January 23, 2013
A Review of the Recently Revised Guide to Fair Business Practices
In November, AALL’s Executive Board approved a revised, third edition of the Guide to Fair Business Practices. A Task Force oversaw the revision, adding substantive examples or clarifications, and making other, non-substantive changes, as identified in the July 2012 Board Book. The Task Force responded to legal publishing developments since the last revision in 2008. Substantive changes include:
- a recommendation - ultimately based on the former FTC Guides For the Law Book Publishing Industry [at § 256.2(e)] - that publishers provide, upon request, at least the current and last two years of supplementation costs;
- emphasis on training for all customer service employees;
- provisions to notify customers of pending changes in ownership of publications or internal restructurings affecting subscriptions (though without reference to timely notice);
- clear and conspicuous display of the scope and coverage of electronic and print publications (though without definitions of “clear” and “conspicuous”);
- deletion of language recognizing a right of publishers to circumvent disclosure pursuant to contractual confidentiality or "proprietary information";
- instruction to minimize use of confidentiality clauses; and
- clarification of the terms of trial subscriptions, including those offered as negative option plans (though without guidance of the kind informed by AALL’s own comments on negative option plans.)
The Task Force deserves praise for offering these welcome changes, and the Board deserves praise for adopting them. However, the Fair Business Practices Guide remains a disappointment, especially due to two related problems. First, under the Guide, we concede that "the publisher is in the best position to fully implement the guidelines in a manner suitable to its business plan." As a result, a publisher need not "fully implement" - and perhaps may effectively disregard - the guidelines for any unfair business practice "suitable to its business plan." Moreover, institutional buyers also have business plans. But we acknowledge no harm to their business plans from unfair business practices, notwithstanding our duty to "to obtain the maximum value for our institution's fiscal resources." (AALL Ethical Principles)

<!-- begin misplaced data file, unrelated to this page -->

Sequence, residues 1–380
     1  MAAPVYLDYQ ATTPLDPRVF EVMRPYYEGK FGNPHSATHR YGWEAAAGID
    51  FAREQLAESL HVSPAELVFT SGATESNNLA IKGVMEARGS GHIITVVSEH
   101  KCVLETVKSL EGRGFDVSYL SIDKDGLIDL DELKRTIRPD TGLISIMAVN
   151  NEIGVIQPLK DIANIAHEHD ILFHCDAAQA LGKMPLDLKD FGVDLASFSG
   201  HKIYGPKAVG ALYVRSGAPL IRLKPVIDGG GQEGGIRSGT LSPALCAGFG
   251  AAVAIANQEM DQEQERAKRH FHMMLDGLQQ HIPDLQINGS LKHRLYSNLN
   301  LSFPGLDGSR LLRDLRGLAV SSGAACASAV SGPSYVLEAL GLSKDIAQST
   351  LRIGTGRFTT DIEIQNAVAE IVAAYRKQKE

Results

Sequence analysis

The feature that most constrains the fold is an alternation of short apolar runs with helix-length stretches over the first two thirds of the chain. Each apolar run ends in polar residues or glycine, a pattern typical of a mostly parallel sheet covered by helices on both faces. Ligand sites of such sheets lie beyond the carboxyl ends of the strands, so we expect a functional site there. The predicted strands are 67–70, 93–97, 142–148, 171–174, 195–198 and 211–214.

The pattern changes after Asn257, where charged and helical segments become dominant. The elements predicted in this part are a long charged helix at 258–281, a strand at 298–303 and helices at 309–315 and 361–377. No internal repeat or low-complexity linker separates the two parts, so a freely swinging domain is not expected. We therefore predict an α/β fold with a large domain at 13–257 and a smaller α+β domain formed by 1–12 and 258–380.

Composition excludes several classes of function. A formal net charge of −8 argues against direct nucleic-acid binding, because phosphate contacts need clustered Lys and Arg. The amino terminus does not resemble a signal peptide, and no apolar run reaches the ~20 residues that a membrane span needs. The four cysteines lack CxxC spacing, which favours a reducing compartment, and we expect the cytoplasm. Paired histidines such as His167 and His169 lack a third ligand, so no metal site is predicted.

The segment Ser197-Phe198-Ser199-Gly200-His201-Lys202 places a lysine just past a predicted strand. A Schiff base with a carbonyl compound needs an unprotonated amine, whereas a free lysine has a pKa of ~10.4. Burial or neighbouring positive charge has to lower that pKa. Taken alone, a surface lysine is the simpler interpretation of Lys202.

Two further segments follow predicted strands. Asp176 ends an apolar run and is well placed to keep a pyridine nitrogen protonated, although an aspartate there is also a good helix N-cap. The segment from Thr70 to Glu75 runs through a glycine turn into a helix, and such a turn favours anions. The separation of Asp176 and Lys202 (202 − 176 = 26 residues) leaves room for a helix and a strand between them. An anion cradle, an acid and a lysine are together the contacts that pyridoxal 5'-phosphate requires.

Second, we missed an important opportunity. The Consumer Advocacy Caucus recommended sweeping changes to strengthen consumer protections. See July 8, 2012 Comments by the Consumer Advocacy Caucus submitted to the Fair Business Practices Guide Task Force. Our Caucus sought a rigorous system to monitor Guide violations, with an annual report to the membership of complaints that CRIV could not resolve. We also proposed using data in the annual reports to identify and pursue needed government interventions or regulation, particularly where unfair business practices have become "suitable to" the business plans of industry participants.
Of course, our proposed system of oversight would likely require changes. We therefore asked the Task Force to host a membership-wide forum about our recommendations. We hoped to explore room for compromises, so that we could move AALL closer to consensus over how to advocate for consumers of commercial legal publications. Unfortunately, the Guide still falls well short of the advocacy consumers might otherwise expect from AALL.
Consumer Advocacy Caucus Chair, 2011-2012